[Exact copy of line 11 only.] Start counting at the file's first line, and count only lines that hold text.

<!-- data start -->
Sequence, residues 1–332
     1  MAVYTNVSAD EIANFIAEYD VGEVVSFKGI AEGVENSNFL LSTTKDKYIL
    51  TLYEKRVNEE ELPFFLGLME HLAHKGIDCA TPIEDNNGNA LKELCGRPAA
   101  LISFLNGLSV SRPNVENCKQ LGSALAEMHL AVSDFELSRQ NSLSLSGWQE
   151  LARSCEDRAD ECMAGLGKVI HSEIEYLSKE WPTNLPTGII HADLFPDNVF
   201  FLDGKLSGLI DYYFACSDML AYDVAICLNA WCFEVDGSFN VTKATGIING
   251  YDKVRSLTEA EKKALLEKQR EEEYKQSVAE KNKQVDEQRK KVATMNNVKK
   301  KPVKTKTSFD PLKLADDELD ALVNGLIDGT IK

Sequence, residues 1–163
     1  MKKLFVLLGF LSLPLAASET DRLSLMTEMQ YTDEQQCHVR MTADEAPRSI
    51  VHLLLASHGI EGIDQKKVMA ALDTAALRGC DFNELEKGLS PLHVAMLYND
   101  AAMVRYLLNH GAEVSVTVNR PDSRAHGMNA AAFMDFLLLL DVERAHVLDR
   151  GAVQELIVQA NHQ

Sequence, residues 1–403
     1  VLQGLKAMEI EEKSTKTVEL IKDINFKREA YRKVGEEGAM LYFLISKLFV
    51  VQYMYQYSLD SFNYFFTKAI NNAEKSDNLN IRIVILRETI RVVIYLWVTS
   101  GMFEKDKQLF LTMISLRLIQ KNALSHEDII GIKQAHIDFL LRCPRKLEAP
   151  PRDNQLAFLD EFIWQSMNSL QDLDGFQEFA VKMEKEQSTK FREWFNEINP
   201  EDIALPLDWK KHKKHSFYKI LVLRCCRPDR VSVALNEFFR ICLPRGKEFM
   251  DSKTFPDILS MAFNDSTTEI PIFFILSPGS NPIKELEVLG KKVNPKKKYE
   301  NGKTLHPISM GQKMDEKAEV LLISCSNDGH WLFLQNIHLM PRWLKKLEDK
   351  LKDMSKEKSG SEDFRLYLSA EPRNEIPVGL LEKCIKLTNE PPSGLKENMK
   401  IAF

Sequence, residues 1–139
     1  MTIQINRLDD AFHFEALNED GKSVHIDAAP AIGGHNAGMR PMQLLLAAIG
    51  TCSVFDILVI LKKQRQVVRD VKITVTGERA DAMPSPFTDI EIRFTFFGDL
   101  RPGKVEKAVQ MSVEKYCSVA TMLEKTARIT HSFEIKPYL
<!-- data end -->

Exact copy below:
    51  VHLLLASHGI EGIDQKKVMA ALDTAALRGC DFNELEKGLS PLHVAMLYND